Meet Nursing@USC Vice Chair and Program Director Dr. Sharon O’Neill
Dr. Sharon O’Neill, JD, DNP, FNP, brings a breadth of experience to Nursing@USC. She earned her Doctor of Nursing Practice (DNP) from The Catholic University of America and her Juris Doctor (JD) from the University of Baltimore School of Law. Dr. O’Neill holds dual post-master certification as a pediatric primary care nurse practitioner and as a family nurse practitioner from the Johns Hopkins School of Nursing. She also spent more than 13 years as part-time in-house legal counsel for the Kennedy Krieger Institute, which addresses the needs of children and adults with disabilities.
Read on to learn more about Dr. O’Neill and her views on the evolution of the nursing profession, the format of Nursing@USC and advice for nursing students.
How is technology changing the way we educate future nurse practitioners?
Technology facilitates new avenues for students to encounter ideas and knowledge that may not be available in a brick-and-mortar classroom. The use of web-based teaching platforms provides opportunities for students to gain rich experiences and build on knowledge through both live and prerecorded learning modules. For example, during online sessions faculty challenge students to solve intricate case studies using apps and other online resources in real time. This is similar to the practice setting where the nurse practitioner is the only provider in a community care clinic.
What are some benefits of the online format?
Most students do not have the luxury of uprooting their lives. Others want to remain in their communities while attending school because they believe they can be part of the solution in addressing health care issues in their communities. Working with aspiring nurses from across the country, online advanced practice nursing students are exposed to different perspectives and solutions to issues impacting health care. The diverse mix of students from all areas of the United States expands the possibilities for collaborating to address many of the grand challenges facing society today. Similarly, from a teaching perspective, the format allows USC to hire some of the best and brightest nurse educators who want to remain active in their own communities and give back to students through education.
Why is it so important for today’s nurse practitioners to have a strong understanding of social determinants as they relate to health outcomes?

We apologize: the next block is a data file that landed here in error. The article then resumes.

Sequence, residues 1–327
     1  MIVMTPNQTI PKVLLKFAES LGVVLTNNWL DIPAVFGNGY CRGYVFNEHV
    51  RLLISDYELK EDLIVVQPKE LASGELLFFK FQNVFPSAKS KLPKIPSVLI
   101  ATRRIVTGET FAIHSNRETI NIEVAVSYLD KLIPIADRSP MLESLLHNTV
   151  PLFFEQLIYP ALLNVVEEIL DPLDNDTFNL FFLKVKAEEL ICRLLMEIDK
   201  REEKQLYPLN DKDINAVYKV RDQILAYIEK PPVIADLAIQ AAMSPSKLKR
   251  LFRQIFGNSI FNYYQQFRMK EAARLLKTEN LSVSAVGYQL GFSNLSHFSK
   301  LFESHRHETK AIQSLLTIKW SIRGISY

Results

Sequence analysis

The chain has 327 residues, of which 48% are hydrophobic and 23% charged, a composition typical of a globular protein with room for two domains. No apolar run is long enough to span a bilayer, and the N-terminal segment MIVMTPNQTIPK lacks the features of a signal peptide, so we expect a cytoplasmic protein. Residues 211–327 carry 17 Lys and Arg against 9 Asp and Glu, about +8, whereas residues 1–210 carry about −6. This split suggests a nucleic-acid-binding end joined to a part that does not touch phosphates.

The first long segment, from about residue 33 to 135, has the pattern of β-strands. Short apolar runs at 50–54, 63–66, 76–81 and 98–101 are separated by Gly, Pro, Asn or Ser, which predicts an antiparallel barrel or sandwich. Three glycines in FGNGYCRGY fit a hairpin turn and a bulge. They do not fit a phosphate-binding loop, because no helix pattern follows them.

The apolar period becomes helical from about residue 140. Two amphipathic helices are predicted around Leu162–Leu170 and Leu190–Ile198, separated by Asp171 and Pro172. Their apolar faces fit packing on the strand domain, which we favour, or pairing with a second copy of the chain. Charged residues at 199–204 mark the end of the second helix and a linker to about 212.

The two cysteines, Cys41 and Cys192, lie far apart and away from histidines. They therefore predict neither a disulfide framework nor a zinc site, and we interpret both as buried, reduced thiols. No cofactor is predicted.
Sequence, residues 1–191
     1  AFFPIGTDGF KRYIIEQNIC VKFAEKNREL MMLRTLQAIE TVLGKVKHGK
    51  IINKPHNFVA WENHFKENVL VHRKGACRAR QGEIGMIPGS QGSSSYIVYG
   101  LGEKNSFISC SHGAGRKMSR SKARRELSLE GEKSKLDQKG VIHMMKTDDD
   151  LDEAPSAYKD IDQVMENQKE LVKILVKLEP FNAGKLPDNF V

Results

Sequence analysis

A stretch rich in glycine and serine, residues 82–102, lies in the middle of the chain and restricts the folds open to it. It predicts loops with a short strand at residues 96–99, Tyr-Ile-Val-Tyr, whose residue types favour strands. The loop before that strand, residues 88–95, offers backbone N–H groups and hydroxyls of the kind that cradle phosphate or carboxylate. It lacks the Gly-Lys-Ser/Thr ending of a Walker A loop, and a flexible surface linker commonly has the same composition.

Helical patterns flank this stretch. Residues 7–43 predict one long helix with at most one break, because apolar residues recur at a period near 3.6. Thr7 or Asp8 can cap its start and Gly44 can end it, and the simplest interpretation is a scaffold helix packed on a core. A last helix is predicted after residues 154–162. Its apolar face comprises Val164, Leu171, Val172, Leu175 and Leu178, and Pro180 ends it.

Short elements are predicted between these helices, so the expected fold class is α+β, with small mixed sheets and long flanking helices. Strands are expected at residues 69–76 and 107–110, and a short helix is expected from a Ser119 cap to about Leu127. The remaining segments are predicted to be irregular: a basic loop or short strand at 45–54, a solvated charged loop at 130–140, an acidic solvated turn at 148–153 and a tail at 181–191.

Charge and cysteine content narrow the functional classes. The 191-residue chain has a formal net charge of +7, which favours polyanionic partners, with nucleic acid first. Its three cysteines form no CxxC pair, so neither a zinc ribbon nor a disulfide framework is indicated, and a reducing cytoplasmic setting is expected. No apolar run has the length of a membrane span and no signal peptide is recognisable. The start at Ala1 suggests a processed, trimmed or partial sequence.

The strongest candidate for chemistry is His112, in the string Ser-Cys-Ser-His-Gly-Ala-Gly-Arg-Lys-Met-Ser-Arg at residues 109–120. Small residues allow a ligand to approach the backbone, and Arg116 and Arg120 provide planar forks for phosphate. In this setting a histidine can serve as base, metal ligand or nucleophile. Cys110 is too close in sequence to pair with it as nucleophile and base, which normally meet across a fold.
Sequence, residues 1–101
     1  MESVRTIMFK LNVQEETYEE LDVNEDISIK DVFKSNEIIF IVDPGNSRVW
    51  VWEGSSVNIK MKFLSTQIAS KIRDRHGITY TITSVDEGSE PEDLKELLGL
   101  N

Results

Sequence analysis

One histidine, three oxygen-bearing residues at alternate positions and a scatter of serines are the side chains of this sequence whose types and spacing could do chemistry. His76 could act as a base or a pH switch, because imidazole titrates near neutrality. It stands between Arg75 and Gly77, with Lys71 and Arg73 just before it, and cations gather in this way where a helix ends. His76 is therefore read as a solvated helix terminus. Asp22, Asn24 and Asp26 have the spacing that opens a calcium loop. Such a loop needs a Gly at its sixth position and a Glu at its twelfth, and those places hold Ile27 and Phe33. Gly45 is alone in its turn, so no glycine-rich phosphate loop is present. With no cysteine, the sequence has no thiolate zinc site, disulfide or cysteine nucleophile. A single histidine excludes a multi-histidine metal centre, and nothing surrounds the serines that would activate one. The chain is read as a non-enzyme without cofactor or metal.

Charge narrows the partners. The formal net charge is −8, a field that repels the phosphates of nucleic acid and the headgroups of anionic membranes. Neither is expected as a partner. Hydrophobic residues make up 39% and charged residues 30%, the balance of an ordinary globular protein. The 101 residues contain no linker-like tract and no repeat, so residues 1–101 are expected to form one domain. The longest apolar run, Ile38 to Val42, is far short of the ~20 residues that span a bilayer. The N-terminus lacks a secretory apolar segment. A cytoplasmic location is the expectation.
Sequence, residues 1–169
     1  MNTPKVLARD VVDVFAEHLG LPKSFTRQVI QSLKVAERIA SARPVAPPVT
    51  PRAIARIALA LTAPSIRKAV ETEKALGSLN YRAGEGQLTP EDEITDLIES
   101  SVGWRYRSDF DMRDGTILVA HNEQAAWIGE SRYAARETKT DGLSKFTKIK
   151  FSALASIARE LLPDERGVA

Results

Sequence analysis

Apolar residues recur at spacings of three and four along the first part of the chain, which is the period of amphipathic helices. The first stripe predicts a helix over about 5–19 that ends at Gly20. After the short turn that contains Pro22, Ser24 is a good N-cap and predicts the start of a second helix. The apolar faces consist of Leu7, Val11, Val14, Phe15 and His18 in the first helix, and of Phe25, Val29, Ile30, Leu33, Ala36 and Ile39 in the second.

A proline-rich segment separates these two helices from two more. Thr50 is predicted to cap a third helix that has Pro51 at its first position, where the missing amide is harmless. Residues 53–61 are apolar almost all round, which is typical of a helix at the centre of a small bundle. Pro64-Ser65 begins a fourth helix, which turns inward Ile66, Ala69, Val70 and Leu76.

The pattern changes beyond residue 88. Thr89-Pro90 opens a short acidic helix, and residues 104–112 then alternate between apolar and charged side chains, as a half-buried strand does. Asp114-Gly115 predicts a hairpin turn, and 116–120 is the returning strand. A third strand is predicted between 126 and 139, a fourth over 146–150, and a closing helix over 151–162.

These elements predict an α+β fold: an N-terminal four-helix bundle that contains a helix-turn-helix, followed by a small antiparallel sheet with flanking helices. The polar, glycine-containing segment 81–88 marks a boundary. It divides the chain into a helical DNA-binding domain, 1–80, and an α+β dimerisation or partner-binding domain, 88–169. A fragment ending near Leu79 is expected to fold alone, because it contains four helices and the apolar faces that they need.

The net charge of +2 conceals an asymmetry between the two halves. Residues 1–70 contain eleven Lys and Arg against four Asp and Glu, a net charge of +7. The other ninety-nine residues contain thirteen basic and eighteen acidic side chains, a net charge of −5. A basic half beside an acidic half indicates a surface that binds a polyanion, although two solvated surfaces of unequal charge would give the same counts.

Nurse practitioner programs provide advanced practice nurses with a skill set that allows them to identify problems and work with patients to address these problems. Patients and providers do not live in a vacuum. Often, pressing issues such as homelessness, abuse and lack of resources prevent people from becoming fully engaged in their own health care. Nurses need an understanding of how social determinants impact individual and family health across the life span.
What are your research interests?
My research interests include analyzing the outcomes of education provided to nurse practitioners. I am also dedicated to researching systems of care and how improved access to care can help improve the lives of children and their families. In addition, I am committed to researching methods that help train families of children and adolescents with special education needs to advocate for access to educational services that best meet their child’s needs.
What pieces of advice would you offer a nurse practitioner at the beginning of their career?
In one word, network.
Build relationships while you are in school at the local and national levels by becoming a student member of nurse practitioner organizations. Attend both regional and national meetings because these meetings are great opportunities for networking and continuing education.
Connect with other students in your advanced practice program. Many of these same people will be tomorrow’s health care leaders.
Get to know your preceptors and stay in touch with them. Many students end up getting offers of employment from their clinical sites or referrals to other health care settings that may be looking for a new graduate with their skill set.
What drew you to the Nursing@USC mission?
I liked the fact that the USC Department of Nursing would be housed in a school of social work. I can think of no better way to foster interprofessional collaboration with our social work counterparts than addressing the social determinants that impact health care so systemically.